Wednesday, July 13, 2005

com.sun.* classes in Creator applications

WARNING: This blog entry was imported from my old blog on (which used different blogging software), so formatting and links may not be correct.

One of the nice people I met at JavaOne was Dave Johnson, the guy behind
Roller, which is the open source blog server software we're using at Sun.
this blog entry he describes his
recent experiments with learning JSF and using Creator 2:

I was hoping to build a simple JSF front-end for Roller, just for fun. Creator looks great and the form designer works well, but when I noticed how many com.sun.* classes end up in the generated code I backed off. According to the release notes the whole JSF implementation and com-sun-web-ui-appbase jars are redistributable (...), but the idea of IDE specific code makes me uncomfortable -- especially in an open source context.

The same issue came up last year when we released Creator 1.0 beta.
So in this blog entry I'd like to explain why you'll notice
a number of com.sun classes in your Java files maintained by Creator, what they're
for, and what you can do about it.

Creator 1.0 provided only the standard JSF components
(javax.faces). If you drop a command button, you get
a <h:commandButton value="Submit"/> entry in your
JSP - just like your JSF books tell you.

The big problem is that the standard components are extremely limited.
When you build applications using the standard components, you've created
a web page that would look right at home in 1995.

In addition, the component set shipping with JSF is limited in functionality.
We've gotten tons of requests for additional components: file upload,
tree, tabs, calendar, etc. Therefore, in Creator 2 we're no longer
focusing on making web applications that look identical to what you'd
find in an off-the-shelf JSF book. Instead, we've provided a new
component library, consisting of pure JSF components obviously, which
have additional value add. Buttons can be configured to be primary or
secondary (affects visual appearance), they can be configured to disable
themselves when clicked (so you don't get double submits on forms), they
follow theme styling, etc. And of course, we have new components like
trees and calendars to address those needs. Obviously, if you use these components,
your page beans will include references to additional com.sun.* classes.

src="" />
Don't despair however - if you want to use the standard JSF
components, you can do that - just look in the palette for the
component categeory named "Standard". This is where the standard
JSF components live - drop these and you'll get your familiar
JSF commandButton, outputText, panelGrid, etc. components. To
make it easier to spot these in the palette, so you don't grab the
"wrong" button for example, all the icons for these components are now
tinted blue as shown in the screenshot on the right.

There are a couple of more areas where you wind up with
com.sun classes. First, your page and session
beans themselves. If you look at your Java files corresponding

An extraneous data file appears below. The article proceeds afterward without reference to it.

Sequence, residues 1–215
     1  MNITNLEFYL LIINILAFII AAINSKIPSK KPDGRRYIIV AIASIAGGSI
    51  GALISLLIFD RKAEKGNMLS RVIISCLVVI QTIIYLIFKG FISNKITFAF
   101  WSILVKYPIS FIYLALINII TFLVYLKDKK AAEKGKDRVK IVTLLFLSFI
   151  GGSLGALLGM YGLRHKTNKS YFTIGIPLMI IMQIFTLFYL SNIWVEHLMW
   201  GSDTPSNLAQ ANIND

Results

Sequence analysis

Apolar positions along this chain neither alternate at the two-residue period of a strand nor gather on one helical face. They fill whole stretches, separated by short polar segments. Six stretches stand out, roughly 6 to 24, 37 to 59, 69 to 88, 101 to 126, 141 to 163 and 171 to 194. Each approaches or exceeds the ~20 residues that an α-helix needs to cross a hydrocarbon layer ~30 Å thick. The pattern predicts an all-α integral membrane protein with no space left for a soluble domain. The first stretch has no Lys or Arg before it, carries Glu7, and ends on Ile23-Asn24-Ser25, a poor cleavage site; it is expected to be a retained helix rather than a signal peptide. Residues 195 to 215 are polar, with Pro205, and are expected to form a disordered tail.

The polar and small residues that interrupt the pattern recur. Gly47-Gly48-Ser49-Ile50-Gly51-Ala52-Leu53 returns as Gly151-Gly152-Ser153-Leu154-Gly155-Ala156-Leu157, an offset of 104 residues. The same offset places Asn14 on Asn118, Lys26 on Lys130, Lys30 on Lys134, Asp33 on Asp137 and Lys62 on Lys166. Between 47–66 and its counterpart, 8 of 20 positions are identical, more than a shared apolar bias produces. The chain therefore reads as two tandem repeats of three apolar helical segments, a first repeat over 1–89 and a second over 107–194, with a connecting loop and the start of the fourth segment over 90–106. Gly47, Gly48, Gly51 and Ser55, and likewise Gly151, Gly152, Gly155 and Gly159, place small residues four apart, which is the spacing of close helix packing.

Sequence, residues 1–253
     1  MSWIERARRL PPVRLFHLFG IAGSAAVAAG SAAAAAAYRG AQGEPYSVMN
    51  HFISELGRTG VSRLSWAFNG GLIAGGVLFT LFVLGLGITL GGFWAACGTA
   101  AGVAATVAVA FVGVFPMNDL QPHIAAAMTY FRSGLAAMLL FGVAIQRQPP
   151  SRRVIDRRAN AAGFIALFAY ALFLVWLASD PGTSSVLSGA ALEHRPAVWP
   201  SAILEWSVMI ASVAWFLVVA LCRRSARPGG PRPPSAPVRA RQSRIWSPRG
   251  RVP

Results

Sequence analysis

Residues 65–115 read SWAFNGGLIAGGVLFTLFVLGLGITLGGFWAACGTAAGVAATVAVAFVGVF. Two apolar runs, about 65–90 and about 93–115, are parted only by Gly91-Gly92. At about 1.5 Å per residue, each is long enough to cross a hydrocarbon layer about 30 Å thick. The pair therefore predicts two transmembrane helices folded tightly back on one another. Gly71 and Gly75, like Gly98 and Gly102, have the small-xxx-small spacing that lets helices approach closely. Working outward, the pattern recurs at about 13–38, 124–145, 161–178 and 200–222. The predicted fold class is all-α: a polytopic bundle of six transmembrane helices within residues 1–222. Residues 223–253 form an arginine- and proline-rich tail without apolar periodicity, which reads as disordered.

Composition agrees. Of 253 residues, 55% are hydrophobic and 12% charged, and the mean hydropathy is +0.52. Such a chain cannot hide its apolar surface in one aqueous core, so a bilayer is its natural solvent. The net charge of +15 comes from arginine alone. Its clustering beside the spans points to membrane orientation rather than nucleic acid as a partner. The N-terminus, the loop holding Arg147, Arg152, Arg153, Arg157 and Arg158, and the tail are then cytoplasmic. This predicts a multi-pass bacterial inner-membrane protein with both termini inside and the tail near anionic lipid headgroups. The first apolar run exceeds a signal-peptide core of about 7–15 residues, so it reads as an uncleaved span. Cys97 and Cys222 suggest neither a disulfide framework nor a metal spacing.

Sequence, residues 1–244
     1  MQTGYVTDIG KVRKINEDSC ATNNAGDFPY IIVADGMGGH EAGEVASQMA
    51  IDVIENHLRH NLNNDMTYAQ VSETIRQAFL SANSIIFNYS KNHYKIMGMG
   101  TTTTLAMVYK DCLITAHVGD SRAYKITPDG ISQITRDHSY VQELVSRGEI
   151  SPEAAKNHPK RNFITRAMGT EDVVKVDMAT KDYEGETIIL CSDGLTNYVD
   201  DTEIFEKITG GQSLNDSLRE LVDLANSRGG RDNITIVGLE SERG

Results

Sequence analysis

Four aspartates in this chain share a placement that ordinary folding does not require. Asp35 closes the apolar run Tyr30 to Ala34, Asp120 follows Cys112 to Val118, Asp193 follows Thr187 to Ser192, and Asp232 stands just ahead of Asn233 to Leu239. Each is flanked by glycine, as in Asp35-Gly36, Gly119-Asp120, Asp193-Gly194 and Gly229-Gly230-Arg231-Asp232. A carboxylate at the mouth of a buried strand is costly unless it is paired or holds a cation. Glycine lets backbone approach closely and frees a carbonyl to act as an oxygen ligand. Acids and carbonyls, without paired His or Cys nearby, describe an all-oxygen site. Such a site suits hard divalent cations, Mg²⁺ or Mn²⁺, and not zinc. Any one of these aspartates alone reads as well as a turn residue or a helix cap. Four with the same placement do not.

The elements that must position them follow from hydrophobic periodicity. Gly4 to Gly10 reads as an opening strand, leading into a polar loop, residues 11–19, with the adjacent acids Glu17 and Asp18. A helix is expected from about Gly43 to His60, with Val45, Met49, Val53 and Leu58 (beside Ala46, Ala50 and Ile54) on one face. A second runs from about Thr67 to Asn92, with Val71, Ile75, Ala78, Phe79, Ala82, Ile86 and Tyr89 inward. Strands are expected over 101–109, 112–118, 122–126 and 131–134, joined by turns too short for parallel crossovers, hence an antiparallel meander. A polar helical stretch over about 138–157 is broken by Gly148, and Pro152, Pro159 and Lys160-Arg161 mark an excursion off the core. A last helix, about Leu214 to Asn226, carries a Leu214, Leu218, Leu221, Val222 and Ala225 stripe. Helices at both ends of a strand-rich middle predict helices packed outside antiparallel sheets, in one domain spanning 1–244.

to your pages, you'll notice that they're very small and simple;
you basically have several empty stub methods where you can add
code that is run during different parts of the page's life cycle:
initialization, render, and cleanup. JSF doesn't make it that easy.
That's why we've created an abstract class you can extend (and our
page beans automatically do this) where the super class has all
the convenience methods you want. For example, your page beans code
can simply call getFacesContext() to get the FacesContext
object, or it can call getValue to perform value binding
expression evaluation. Just look at the code in the ancestor classes
to see the PhaseListener magic that is necessary on the programmer's
part to make these simple callbacks possible.

So this was a deliberate choice in order to make it really trivial
and easy to write "event handlers" for your web component's events,
like button presses and text field validations. There is nothing
special about this code - its source is fully included and in Creator 1.0
you can simply press Alt-G over the parent class name in the java file
to open it. Unfortunately this doesn't seem to work in Creator 2 EA.
But the source code is all there; go extract rave2.0/docs/
and you'll
see it. (It's in the wrong place which is why the normal IDE facilities
for warping to it doesn't work. This will be fixed before ship date.)

There's one final area where you can end up with com.sun
classes: data providers. Standard JSF lets you hook its Data Table
up to arbitrary data structures (and I've
described how
before). However, it's pretty inconvenient
and not done in a general fashion. In Creator 2 we have a new
abstraction layer in the middle, which all components know how to
talk to. We then implement these interfaces for a wide variety of
data sources. The net result is that you can drop not only a JDBC table,
but a web service method or even an EJB method on GUI components, and
all the binding is handled correctly. These data provider wrappers
can also end up in your code.

So in short, yes, if you choose to use the new components and databinding
facilities, you end up with additional com.sun.* classes in
your code. You also get this in the page beans from the app model.
Our focus in Creator has been to make web apps easy and feature rich,
which resulted in adding some convenience classes around the standard
primitives provided by JSF, and of course a new set of JSF components.

As JSF matures there will hopefully be fewer and fewer areas where this
is needed.

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